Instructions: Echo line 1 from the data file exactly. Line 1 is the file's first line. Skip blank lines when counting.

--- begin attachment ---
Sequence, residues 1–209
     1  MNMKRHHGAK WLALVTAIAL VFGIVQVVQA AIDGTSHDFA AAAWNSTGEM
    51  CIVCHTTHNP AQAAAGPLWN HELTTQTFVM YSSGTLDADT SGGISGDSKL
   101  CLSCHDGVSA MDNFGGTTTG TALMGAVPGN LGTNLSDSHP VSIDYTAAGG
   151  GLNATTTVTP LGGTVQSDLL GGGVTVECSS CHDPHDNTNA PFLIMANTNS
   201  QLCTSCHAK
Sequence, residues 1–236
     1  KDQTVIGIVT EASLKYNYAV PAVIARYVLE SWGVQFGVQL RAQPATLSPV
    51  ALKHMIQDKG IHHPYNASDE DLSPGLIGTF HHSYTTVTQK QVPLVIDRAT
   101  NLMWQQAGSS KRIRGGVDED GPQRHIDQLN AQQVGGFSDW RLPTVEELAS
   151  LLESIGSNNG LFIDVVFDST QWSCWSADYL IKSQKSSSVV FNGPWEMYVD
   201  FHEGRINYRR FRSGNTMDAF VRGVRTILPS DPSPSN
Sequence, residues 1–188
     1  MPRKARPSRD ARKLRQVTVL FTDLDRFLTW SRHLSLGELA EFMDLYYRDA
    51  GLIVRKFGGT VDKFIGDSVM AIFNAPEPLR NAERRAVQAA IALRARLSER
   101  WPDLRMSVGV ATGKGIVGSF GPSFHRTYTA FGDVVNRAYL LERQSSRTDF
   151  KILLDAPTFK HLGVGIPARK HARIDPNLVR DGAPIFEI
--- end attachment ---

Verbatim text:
Sequence, residues 1–209